George Martin, the Beatles’ producer, recalled that he composed the melody of the guitar solo, which is heard midway through the song and again during the fadeout. He showed Harrison the notes during the recording session and then accompanied the guitarist (on piano, out of microphone range) when the solos were overdubbed. In terms of its complementary role to the main melody, musicologist Walter Everettlikens this guitar part to two musical passages that Martin had arranged for singer Cilla Black the previous year: a bassoon–English horn combination on “Anyone Who Had a Heart” and the baritone electric guitar on “You’re My World“.
EMI’s Parlophone label released Rubber Soul on 3 December 1965 in Britain, with “Michelle” sequenced as the final track on side one of the LP. The album was widely viewed as marking a significant progression within the Beatles’ work and in the scope of pop music generally.Recalling the album’s release for Mojomagazine in 2002, Richard Williamssaid “Michelle” represented “the biggest shock of all” to a contemporary pop audience, as McCartney conveyed “all his nostalgia for a safe childhood in the 1950s, itself a decade suffused with nostalgia for the inter-war security of the ’20s and ’30s, the era to which this song specifically refers.”
In a contemporary review for the NME, Allen Evans described “Michelle” as a “memorable track” with a “bluesy French sound” in which McCartney’s vocal was supported by “[the] others using voices as instruments”.Record Mirror‘s reviewer admired the lyrics and said that the song was “just remotely, faintly, slightly similar to ‘Yesterday’ in the general approach” and “another stand-out performance”. Jazz critic and broadcaster Steve Race admitted to being “astonished” by the album and added: “When I heard ‘Michelle’ I couldn’t believe my ears. The second chord is an A-chord, while the note in the melody above is A-flat. This is an unforgivable clash, something no one brought up knowing older music could ever have done. It is entirely unique, a stroke of genius … I suppose it was sheer musical ignorance that allowed John and Paul to do it, but it took incredible daring.” By contrast, Bob Dylan, whose work was especially influential on Lennon and Harrison’s songwriting on Rubber Soul, was dismissive of McCartney’s ballad style. In March 1966, Dylan said: “A song like ‘Yesterday’ or ‘Michelle’ … it’s such a cop-out, man … if you go to the Library of Congress you can find a lot better than that. There are millions of songs like ‘Yesterday’ and ‘Michelle’ written in Tin Pan Alley.”
Although no single from Rubber Soulwas issued in Britain or America, “Michelle” was the most popular Rubber Soul track on US radio.The song was released as a commercial single in several other countries. In May 1966, Billboard‘s Hits of the World listed it at number 1 in Argentina, Denmark, Italy, New Zealand and Norway. As the lead track on an EP release, it was number 1 in France, which continued to resist the single format in favour of extended-plays. At the 1967 Ivor Novello Awards, “Michelle” won in the category of “the Most Performed Work” of 1966, ahead of “Yesterday”. “Michelle” won the Grammy Award for Song of the Year in 1967, against competition from “Born Free“, “The Impossible Dream“, “Somewhere My Love” and “Strangers in the Night“. In 1999, BMI named “Michelle” as the 42nd most performed song of the 20th century.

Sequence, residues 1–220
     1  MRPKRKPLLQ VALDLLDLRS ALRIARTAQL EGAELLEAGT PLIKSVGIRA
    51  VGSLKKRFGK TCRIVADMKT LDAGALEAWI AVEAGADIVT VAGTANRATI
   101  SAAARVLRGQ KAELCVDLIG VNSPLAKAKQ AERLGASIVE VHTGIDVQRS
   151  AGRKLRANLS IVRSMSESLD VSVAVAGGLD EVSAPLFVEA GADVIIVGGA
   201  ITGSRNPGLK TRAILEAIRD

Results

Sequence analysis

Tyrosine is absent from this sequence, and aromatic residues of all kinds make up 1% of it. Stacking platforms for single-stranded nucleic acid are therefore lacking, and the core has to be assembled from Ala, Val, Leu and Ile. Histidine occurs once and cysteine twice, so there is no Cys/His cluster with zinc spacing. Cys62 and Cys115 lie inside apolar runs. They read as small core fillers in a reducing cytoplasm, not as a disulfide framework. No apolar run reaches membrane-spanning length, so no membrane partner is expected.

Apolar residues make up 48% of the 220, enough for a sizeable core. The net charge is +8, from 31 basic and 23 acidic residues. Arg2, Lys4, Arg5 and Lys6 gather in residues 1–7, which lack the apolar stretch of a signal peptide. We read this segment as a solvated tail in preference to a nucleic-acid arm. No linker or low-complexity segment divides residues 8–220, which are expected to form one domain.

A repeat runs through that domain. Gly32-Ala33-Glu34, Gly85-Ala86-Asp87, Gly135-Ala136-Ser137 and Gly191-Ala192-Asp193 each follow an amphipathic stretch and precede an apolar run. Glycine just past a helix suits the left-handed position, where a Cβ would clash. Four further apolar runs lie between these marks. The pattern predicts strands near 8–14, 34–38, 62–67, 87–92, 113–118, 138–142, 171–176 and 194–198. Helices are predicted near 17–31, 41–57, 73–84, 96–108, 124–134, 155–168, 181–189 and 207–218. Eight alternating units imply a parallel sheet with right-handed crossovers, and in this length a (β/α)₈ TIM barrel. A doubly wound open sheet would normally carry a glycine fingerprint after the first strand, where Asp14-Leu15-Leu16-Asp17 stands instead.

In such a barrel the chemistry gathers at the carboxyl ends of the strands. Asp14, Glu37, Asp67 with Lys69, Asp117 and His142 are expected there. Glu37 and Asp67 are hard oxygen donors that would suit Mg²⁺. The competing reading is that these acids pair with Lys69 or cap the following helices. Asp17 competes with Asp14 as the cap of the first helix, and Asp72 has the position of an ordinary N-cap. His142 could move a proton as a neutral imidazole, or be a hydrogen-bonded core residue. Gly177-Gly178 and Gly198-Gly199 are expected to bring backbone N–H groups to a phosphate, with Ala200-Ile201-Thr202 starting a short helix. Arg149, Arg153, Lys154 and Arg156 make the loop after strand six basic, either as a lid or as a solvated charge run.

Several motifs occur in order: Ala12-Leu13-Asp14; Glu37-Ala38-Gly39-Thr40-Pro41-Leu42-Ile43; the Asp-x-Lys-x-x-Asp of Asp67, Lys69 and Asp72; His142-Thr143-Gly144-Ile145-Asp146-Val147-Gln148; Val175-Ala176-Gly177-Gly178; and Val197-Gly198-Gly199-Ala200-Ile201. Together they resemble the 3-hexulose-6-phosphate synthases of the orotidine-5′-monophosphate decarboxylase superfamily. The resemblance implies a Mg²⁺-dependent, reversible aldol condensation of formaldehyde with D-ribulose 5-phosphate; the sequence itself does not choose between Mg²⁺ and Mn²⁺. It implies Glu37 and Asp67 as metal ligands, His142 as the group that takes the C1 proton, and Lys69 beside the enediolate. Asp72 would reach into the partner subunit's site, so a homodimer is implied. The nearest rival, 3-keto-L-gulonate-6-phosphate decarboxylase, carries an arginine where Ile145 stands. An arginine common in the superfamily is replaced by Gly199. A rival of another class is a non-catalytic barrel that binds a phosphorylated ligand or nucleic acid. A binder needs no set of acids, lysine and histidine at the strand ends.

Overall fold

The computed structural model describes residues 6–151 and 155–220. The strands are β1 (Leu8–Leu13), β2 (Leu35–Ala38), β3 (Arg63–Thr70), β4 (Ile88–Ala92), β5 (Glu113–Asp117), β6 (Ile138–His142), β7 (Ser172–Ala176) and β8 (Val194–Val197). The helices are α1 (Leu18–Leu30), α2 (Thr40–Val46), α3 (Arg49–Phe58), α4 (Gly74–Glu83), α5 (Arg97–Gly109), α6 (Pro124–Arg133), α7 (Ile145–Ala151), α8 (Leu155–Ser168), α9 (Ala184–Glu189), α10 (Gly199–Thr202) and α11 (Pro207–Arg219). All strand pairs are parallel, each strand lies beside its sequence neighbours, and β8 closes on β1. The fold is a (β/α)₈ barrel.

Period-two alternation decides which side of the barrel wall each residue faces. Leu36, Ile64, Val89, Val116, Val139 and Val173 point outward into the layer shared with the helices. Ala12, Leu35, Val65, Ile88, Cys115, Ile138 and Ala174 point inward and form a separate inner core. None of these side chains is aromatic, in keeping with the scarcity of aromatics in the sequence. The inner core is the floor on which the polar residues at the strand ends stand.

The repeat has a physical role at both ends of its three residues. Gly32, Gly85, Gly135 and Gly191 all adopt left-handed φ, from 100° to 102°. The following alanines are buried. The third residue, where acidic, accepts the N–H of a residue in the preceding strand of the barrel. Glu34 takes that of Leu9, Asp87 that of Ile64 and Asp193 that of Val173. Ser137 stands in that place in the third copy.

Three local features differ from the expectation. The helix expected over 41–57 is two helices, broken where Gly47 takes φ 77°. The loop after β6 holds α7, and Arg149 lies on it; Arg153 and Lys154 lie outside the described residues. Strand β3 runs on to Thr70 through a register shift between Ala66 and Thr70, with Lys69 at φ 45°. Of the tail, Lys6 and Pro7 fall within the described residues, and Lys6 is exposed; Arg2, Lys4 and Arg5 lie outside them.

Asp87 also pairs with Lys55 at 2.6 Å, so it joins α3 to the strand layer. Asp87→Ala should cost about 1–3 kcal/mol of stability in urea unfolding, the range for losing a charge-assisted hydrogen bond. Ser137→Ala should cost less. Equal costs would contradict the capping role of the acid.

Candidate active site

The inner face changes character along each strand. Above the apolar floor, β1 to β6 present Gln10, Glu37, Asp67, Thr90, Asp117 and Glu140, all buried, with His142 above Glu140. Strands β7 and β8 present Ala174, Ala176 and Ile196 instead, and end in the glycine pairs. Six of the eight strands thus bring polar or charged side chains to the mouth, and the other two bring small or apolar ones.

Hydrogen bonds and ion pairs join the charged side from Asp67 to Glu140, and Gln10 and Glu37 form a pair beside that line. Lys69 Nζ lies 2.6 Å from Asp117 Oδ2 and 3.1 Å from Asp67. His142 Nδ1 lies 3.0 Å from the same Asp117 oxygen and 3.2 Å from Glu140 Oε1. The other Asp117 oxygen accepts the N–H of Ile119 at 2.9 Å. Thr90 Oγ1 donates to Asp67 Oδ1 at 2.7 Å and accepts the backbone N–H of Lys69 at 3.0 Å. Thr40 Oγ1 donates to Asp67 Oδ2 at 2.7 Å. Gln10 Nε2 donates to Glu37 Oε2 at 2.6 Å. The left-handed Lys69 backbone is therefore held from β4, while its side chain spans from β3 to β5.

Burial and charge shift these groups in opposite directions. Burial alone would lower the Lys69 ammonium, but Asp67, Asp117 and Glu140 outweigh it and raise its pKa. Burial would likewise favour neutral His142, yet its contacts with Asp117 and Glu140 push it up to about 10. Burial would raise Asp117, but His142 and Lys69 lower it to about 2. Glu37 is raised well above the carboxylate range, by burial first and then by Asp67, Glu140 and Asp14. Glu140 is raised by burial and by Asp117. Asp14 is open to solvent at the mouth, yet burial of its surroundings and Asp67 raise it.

“Michelle” was the most successful track from Rubber Soul for other recording artists. The song was a UK hit in 1966 for the Overlanders,whose version topped the Record Retailer chart. It also reached number 2 in Australia. Signed to Pye Records, the Overlanders issued their recording after the Beatles had declined to release it as a single themselves in the United Kingdom and the United States. According to author Steve Turner, Pye and the Overlanders were given the Beatles’ blessing because the record label had recently acquiesced to Brian Epstein‘s request that they withdraw a single by Alfred Lennon (Lennon’s estranged father). “Michelle” was also covered by David and Jonathan, whose version was produced by Martin. This recording went to number 1 in Canada and was a top 20 hit in Britain and the US. American singer Billy Vaughn was another artist who recorded the song soon after its release. In his comments on the Lennon–McCartney composition, Steve Race remarked that Vaughn’s arranger had altered the second chord to incorporate an A♭ note, thereby “taking all the sting out” of the unorthodox change. Race said this was indicative of how a formally trained arranger “was so attended to the conventional way of thinking he didn’t even hear what the boys had done”.
Andy Williams covered the song on his 1966 album